KinetX Sponsors NASA Conference Celebrating the 25th Anniversary of the First Comet Encounter
TEMPE, Ariz., Sept. 20 /PRNewswire/ — KinetX, Inc., a Tempe, Arizona firm providing innovative engineering, software and hardware solutions to a wide variety of industries, hosted a conference celebrating the 25th anniversary of the first comet encounter by a robotic spacecraft.
That first encounter happened on September 11, 1985 when the ISEE-3/ICE spacecraft’s ongoing mission at a Sun-Earth libration was interrupted to target it to intercept the path of the comet Giacobini-Zinner. This bold, flawlessly executed move by NASA and the ISEE-3/ICE team provided the first-ever comet encounter, establishing a foundation for the space-born discoveries that continue today.
The conference held at the Newseum (http://www.newseum.org/) in Washington, D.C. was attended by industry and NASA notables James Green, NASA’s Director of Planetary Science, who gave a session on comets as well as the luncheon address. Dwayne Brown, NASA HQ spokesperson, served as emcee Principle Investigators from past and present comet missions included Dr Joseph Ververke (Stardust-NExT) and Dr Michael A’Hearn (Deep Impact/EPOXI). Other participants included KinetX’ Dr. Robert Farquhar, former flight dynamics manager of the ISEE-3/ICE mission, and Dr. Anita Cochran, assistant director of the McDonald Observatory (http://mcdonaldobservatory.org/) at the University of Texas at Austin, who discussed what we have (and hope to) learn from cometary science.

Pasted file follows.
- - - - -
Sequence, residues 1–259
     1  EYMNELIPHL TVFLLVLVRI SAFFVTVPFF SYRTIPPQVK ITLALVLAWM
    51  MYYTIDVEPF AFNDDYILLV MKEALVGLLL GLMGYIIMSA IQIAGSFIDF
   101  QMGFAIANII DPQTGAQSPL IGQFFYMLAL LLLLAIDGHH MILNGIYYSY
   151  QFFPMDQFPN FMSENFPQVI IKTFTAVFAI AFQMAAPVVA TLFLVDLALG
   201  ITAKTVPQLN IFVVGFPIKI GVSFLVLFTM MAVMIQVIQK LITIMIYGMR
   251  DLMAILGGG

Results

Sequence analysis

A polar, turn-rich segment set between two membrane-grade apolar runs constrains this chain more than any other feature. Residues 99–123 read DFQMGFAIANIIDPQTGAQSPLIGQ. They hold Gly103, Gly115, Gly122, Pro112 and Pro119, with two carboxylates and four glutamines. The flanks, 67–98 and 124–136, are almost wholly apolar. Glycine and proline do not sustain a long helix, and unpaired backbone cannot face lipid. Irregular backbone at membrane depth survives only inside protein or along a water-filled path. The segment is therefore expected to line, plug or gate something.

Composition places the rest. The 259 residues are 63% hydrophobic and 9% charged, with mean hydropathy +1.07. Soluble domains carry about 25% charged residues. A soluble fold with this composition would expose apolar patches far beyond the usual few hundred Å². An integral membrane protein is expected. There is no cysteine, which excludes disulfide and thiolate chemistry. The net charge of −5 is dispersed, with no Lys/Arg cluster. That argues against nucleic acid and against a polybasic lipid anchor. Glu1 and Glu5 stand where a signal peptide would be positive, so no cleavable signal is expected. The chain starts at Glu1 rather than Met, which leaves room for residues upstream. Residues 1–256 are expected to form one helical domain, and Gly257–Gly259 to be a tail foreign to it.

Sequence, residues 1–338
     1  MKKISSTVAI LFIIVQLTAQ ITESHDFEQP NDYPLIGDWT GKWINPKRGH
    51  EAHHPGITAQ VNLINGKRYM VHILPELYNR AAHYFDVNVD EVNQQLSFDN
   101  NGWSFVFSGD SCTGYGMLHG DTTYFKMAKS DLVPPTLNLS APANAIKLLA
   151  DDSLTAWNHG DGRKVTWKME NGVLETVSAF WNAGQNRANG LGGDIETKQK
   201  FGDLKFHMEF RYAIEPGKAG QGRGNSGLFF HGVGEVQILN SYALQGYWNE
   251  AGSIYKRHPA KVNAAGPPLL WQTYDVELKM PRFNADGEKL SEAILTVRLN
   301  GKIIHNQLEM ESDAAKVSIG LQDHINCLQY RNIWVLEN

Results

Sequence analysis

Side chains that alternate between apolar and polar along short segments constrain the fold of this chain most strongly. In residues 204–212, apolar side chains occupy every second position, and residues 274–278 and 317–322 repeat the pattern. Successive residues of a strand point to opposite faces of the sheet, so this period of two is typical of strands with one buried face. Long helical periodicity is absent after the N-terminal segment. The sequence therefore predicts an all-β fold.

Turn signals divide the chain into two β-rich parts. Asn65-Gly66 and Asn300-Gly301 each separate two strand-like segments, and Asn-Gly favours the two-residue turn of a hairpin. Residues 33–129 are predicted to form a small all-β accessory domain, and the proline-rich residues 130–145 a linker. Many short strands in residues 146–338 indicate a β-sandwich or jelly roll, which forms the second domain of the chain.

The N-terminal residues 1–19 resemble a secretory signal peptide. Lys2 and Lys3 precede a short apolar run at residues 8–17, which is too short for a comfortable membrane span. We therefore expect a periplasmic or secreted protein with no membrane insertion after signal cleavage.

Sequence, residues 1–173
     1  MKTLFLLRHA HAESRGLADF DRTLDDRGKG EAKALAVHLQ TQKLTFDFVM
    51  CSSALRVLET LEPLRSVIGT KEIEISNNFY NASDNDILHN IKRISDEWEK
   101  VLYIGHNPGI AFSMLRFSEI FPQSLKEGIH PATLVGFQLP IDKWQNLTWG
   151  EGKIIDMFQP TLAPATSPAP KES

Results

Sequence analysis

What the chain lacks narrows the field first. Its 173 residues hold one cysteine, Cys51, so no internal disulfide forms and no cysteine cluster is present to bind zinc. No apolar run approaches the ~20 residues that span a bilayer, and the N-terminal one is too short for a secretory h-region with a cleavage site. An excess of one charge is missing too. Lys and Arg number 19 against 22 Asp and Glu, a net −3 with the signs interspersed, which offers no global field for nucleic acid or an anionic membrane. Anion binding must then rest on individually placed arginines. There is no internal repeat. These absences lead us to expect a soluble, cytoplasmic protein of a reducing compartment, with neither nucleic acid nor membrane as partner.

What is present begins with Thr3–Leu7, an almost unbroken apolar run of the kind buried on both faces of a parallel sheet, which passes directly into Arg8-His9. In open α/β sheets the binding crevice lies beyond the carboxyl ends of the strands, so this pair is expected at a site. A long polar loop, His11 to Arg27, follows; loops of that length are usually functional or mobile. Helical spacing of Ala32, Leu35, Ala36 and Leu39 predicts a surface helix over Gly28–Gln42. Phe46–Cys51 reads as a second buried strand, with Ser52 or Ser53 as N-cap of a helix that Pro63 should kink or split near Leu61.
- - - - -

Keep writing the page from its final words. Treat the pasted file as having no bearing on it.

The successful Deep Impact and Stardust missions as well as their exciting follow-on missions, EPOXI and Stardust-NExT, respectively, were discussed in detail. NASA’s EPOXI (http://epoxi.umd.edu/) mission will most closely encounter the Hartley-2 comet on November 4, 2010. NASA’s Stardust-NExT (http://stardustnext.jpl.nasa.gov/) mission will most closely encounter the Tempel-1 comet on February 14, 2011.
Concluding remarks were provided by Dwayne Brown and KinetX President and CEO, Kjell Stakkestad. The presentations were broadcast live on NASA TV (http://www.nasa.gov/multimedia/nasatv/).
SOURCE KinetX, Inc.